Statistical Analysis : A Study On The Study And Their Percentages Across The Three Selected Provinces

2108 WordsMay 26, 20169 Pages
Results Table 1 shows the summary of all variables used in the study and their percentages across the three selected provinces. A relatively high proportion of the study’s sample population was between the ages of 40-59 years, female, had post-secondary education, married, had a total household income of over $80,000 and perceived their health status as good. Results from the descriptive statistical analysis show some remarkable differences in some key socio-economic factors such as education and income, and dependent variables among the three provinces. Respondents from Alberta and Manitoba interviewed in the CCHS survey have over 50 percent of their respondents with a post-secondary level of education, whereas Newfoundland had little…show more content…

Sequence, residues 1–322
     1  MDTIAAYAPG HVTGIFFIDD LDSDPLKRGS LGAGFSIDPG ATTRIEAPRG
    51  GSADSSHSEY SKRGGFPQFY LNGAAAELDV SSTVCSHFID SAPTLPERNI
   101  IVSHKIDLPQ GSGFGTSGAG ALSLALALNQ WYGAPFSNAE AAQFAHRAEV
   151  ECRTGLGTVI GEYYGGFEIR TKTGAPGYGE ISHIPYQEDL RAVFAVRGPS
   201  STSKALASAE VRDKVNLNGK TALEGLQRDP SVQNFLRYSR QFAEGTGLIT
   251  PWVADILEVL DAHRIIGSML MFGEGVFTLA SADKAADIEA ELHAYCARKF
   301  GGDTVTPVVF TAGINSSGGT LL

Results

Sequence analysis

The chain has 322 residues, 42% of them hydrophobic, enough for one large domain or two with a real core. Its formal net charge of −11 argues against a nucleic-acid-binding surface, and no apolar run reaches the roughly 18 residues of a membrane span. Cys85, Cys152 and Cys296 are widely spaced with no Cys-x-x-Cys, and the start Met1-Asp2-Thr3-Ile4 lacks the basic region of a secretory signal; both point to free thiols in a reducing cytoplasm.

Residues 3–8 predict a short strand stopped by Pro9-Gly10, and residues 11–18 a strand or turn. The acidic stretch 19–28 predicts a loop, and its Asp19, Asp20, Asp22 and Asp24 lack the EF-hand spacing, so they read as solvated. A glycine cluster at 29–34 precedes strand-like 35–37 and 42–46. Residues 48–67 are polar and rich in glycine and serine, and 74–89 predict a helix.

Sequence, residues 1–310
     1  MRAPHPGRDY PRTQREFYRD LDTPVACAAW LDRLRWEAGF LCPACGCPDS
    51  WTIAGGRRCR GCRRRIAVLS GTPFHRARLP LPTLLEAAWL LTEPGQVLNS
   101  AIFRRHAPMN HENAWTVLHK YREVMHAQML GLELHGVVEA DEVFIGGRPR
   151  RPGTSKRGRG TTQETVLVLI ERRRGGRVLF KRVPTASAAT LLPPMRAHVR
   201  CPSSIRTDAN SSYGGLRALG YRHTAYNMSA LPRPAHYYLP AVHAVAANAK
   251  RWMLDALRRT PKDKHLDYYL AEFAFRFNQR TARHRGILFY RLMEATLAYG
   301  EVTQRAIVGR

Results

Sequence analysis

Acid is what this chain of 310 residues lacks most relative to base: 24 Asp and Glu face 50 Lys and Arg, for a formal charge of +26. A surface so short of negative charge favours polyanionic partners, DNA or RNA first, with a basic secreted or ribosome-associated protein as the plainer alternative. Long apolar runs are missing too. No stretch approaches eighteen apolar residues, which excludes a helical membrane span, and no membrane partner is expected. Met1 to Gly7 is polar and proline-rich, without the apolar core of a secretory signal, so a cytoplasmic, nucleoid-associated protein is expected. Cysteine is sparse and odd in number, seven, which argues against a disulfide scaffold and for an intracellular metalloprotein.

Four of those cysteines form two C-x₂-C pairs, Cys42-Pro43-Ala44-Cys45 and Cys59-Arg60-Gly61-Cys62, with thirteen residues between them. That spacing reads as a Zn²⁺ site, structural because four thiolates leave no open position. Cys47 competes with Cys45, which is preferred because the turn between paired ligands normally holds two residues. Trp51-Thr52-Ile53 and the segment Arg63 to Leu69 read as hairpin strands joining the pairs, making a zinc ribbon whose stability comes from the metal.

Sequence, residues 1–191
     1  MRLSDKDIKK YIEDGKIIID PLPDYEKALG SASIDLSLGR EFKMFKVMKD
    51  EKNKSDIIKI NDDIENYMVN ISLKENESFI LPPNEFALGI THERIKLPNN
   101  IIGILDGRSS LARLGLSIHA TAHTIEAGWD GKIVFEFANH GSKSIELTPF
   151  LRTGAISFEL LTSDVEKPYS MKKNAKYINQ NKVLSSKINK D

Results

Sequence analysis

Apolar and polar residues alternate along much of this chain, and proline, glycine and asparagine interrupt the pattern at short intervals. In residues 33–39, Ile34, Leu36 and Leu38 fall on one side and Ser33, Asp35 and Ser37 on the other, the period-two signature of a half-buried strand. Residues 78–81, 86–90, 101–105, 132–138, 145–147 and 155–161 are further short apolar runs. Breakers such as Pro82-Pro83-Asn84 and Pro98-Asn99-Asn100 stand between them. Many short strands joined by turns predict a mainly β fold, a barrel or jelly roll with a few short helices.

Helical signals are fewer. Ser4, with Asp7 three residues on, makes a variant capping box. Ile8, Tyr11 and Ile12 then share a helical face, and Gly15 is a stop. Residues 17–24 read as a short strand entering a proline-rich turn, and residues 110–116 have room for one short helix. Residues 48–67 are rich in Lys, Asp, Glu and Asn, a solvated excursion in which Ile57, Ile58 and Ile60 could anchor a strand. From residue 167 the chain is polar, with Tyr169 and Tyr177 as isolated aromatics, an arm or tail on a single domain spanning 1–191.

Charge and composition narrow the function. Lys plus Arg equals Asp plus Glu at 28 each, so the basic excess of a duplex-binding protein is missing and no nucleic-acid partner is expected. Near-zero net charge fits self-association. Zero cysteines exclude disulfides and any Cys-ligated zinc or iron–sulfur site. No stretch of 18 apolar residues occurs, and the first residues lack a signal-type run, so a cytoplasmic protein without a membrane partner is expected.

Thus, access and use of oral health care services through publicly funded social programs is limited to residents in these provinces below and/or above a certain age and income group. The result from the bivariate cross tabulation analyses (table 2) show that residents within the age range of 12 years to 17 years have a higher proportion of respondents consulting a dentist or orthodontist (AL – 83.5%, MB – 81.8% and NFLD – 81.2%). Furthermore, residents in all three provinces aged 70 years or more have a lower proportion of respondents consulting a dentist or orthodontist; however, the proportion is much lower among residents of Newfoundland (24.6%) within this age group compared to their counterparts in Alberta (49.9%) and Manitoba (45.9%). Cross tabulation tests for other two dependent variables – actual visit to a dentist in the past 12 months and last time visited a dentist – reveal similar results. The proportion of residents of Newfoundland with total household income of less than $20,000 with access to dental services is much lower than those with similar total household income in Alberta and Manitoba. However, this disparity tends to even out as household income increases, with residents of Newfoundland with a total household income of $60,000 or more having a slightly higher proportion of access and use of dental services compared to Alberta.
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